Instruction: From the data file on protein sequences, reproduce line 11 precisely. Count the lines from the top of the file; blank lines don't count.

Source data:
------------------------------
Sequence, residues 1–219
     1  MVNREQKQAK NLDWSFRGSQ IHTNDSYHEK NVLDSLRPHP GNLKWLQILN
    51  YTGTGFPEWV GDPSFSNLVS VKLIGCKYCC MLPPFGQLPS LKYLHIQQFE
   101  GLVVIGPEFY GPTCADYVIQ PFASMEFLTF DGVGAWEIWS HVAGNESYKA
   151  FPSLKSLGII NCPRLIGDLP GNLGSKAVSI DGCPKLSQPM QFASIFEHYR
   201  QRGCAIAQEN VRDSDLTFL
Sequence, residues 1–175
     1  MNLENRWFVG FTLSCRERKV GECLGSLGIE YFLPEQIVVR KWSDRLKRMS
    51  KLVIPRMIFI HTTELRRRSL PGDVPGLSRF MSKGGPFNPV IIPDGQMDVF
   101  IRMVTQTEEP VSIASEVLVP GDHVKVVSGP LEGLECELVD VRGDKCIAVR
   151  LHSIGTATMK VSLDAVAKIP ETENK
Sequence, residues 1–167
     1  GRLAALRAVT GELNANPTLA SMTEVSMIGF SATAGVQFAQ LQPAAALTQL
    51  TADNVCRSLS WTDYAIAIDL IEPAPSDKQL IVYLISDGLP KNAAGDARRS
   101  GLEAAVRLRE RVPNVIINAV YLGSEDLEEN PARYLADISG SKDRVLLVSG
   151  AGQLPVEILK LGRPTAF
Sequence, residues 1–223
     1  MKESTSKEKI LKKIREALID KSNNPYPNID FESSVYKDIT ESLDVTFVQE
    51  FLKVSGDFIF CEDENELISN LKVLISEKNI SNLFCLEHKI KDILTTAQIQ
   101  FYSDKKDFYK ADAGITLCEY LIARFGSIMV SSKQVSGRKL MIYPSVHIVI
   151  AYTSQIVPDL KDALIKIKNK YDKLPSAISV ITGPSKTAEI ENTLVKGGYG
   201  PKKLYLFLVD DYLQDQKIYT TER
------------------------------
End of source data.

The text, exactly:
   151  LHSIGTATMK VSLDAVAKIP ETENK